4. Webb identified the following positions and vacancy announcement numbers: Special Assistant to the Director (DC-89-125); Major (DC-90-167); and Correctional Program Officer (DC-89-163). Patricia Britton was selected for DC-89-125. Webb claimed that Robert Fulton and Steven Smith were selected for DC-90-167; the District asserted that although these two were among the individuals selected for the position, the position was ultimately not filled and both men subsequently were promoted to Major through other applications. The District also claimed that no vacancy announcement numbered DC-89-163 existed and that the selectee for DC-89-63, for which Webb applied, was an African-American male. Webb abandoned this claim during pretrial proceedings, thus limiting his claims of discrimination to two positions.
5. Discovery had originally been scheduled to conclude by January 24, 1997, but the district court extended the period by one month due to the District's “failure to produce discovery in a timely fashion.” Webb v. Government for Dist. of Columbia, Dep't of Corrections, 175 F.R.D. 128, 130 (D.D.C.1997).
6. “Merit case files” are used by the District of Columbia's Office of Personnel for each job vacancy and generally contain the qualification standard for the position, the applications received, and paperwork relating to the selection process and decision. Webb II, 175 F.R.D. at 135.
7. Notwithstanding Adams's statement, the District's supplemental responses to Webb's discovery request failed to note, as required by the document request, that portions of Webb's personnel file had been destroyed, a failure the district court characterized as a “glaring omission.” Webb II, 175 F.R.D. at 134.
8. In the joint pretrial statement submitted to the district court, the District identified Walter Ridley, Earthel Foster, and Bernard Braxton as witnesses to be called to testify on the selection processes for the positions at issue. See Joint Pretrial Statement (March 12, 1997). Webb moved to exclude Ridley and Foster on the ground that the District had not identified these individuals until March 6, 1997. See Plaintiff's Motion in Limine to Exclude Defendant's Proposed Witnesses and Evidence Related Thereto (March 18, 1997).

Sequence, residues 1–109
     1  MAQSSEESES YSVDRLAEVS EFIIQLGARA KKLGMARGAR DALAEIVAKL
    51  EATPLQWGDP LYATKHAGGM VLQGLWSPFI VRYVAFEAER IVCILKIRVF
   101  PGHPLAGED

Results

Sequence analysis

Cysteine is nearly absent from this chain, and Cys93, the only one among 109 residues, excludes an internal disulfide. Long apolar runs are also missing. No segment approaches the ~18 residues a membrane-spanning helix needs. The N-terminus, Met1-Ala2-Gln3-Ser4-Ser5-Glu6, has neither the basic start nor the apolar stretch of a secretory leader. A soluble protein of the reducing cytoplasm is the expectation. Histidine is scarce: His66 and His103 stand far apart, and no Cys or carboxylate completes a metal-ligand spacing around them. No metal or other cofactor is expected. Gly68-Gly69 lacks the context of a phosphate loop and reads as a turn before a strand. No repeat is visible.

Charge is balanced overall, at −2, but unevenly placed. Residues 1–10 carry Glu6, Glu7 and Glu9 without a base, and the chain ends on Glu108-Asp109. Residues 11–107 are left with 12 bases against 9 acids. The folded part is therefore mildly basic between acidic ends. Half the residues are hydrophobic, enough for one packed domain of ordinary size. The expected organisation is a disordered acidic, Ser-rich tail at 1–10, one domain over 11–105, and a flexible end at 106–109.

9. 29 C.F.R. § 1602.31 provides:Any personnel or employment record made or kept by a pt by a political jurisdiction (including but not necessarily limited to requests for reasonable accommodation, application forms submitted by applicants and other records having to do with hiring, promotion, demotion, transfer, layoff, or termination, rates of pay or other terms of compensation, and selection for training or apprenticeship) shall be preserved by the political jurisdiction for a period of 2 years from the date of the making of the record or the personnel action involved, whichever occurs later. In the case of involuntary termination of an employee, the personnel records of the individual terminated shall be kept for a period of 2 years from the date of termination. Where a charge of discrimination has been filed, or an action brought by the Attorney General against a political jurisdiction under title VII or the ADA, the respondent political jurisdiction shall preserve all personnel records relevant to the charge or action until final disposition of the charge or the action. The term “personnel record relevant to the charge,” for example, would include personnel or employment records relating to the person claiming to be aggrieved and to all other employees holding positions similar to that held or sought by the person claiming to be aggrieved; and application forms or test papers completed by an unsuccessful applicant and by all other candidates for the same position as that for which the person claiming to be aggrieved applied and was rejected. The date of final disposition of the charge or the action means the date of expiration of the statutory period within which a person claiming to be aggrieved may bring an action in a U.S. district court or, where an action is brought against a political jurisdiction either by a person claiming to be aggrieved or by the Attorney General, the date on which such litigation is terminated.The regulation thus requires that “an employer notified of a charge of discrimination preserve relevant personnel records until the charges' final disposition.” Hicks v. Gates Rubber Co., 833 F.2d 1406, 1418 (10th Cir.1987). In her deposition, Murphy stated that she was “somewhat” familiar with this requirement, although she was unaware of how long records were to be maintained. See Webb II, 175 F.R.D. at 141. The District does not now challenge the district court's conclusion that it violated this regulation in the destruction of certain documents from its files.